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How Hani daughter faced her father's killer

26 March 2017 - 02:00 By REA KHOABANE
Lindiwe Hani sits on her mother Limpho's lap at the funeral of her sister Khwezi.
Lindiwe Hani sits on her mother Limpho's lap at the funeral of her sister Khwezi.
Image: VELI NHLAPO

All Lindiwe Hani wanted as a little girl was a middle-class family life. Something out of 'The Cosby Show'.

For a while, after her father Chris returned to South Africa in the early '90s after the release of Nelson Mandela, it seemed her dream would come true.

Then, on April 10 1993, everything changed. Her father was gunned down in the driveway of the family's home in Dawn Park, Johannesburg. He was killed by right-wing assassins who had hoped the death would ignite a race war.

"I remember hearing the words: 'Your father's been shot', and at that moment my small voice asked: 'Which hospital is he in?' And then my mother replied: 'Daddy has been shot dead'."

In her tell-all memoir, Being Chris Hani's Daughter, Lindiwe reveals the trauma that followed and the repercussions on her life.

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In 1991, the last apartheid president, FW de Klerk, announced the unbanning of the liberation movements, including the ANC and the SACP, led by her father.

"When I heard those words I was so happy that finally we were going to live like the Huxtable family from The Cosby Show.

"They represented the life I wanted, the life of a black middle-class family with both parents working," she said in an interview with the Sunday Times.

"I remember thinking, finally, Daddy is coming home and we're going to live like a normal family."

When her father wasn't at home, Lindiwe, the youngest of Hani's three daughters, would spend a lot of time with her friend's family because they represented the family she wanted.

"I liked the security of a father figure and longed for it."

Hani taught his daughter how to dive and master all the different swimming strokes in their pool, and when he went jogging, she would ride behind him on her bicycle. He would ask her to pour him his favourite drink, brandy and Coke. The task made her feel special.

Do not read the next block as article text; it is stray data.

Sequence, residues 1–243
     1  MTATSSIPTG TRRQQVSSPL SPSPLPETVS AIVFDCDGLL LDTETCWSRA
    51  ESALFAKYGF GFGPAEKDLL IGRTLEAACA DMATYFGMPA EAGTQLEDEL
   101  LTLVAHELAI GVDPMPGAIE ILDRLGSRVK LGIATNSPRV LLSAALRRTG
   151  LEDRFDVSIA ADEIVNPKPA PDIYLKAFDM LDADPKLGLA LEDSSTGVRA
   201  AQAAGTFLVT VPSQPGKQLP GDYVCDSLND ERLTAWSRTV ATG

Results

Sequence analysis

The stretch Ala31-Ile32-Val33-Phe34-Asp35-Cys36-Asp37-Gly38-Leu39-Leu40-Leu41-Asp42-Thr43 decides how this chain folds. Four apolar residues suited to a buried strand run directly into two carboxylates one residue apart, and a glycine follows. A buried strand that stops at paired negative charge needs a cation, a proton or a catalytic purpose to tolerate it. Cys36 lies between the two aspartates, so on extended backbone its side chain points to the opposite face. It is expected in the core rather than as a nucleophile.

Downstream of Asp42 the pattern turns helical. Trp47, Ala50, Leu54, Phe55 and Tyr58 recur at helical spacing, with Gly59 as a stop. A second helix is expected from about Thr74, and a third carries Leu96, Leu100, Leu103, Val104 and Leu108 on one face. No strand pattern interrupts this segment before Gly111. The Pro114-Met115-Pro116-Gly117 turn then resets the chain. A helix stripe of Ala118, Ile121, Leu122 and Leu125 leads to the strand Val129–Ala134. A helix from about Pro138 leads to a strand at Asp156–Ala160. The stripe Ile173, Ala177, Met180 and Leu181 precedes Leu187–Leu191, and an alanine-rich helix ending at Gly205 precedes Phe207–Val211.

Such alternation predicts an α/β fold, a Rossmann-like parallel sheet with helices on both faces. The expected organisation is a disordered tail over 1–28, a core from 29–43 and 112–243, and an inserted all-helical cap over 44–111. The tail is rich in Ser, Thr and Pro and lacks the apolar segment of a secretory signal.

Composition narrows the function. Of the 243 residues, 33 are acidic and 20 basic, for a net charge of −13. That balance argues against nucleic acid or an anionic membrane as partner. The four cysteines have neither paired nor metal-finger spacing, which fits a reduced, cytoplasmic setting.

"Life seemed normal. We were happy. Then, in just over two years, the life I had been promised was taken away from me forever.

"When Daddy died, something inside of me died.

"I became an angry little girl. I was angry at my parents. I was angry at De Klerk, but more especially I was angry at Mandela ... it should have been him, not my father.

"I found it hard to communicate. I became a shadow of my former self."

The day before her father was assassinated, Lindiwe and her mother had driven to Lesotho for the Easter holidays.

She writes in her book: "Before we left, he came to the car to say goodbye. As we drove away, something urged me to look back. The last image I saw before turning the corner was Daddy standing at the garage with a hand up, waving goodbye. For a moment I was overcome with a deep pang of sadness at my father standing there alone in the driveway."

During the time of grief the Hani daughters, Momo, Khwezi and Lindiwe, were given prescription sleeping pills and Lindiwe's addictive personality started revealing itself.

"I started relying on the pills and then realised they were not working anymore. I started mixing them with alcohol."

At the age of 14 she had her first experience of losing herself in alcohol. Then she started mixing it with marijuana.

block_quotes_start One of the bonds Lindiwe has formed is with Janusz Walus, the man who pulled the trigger of the gun that killed her father block_quotes_end

"I loved being high. It just made me feel at ease and helped me carry on."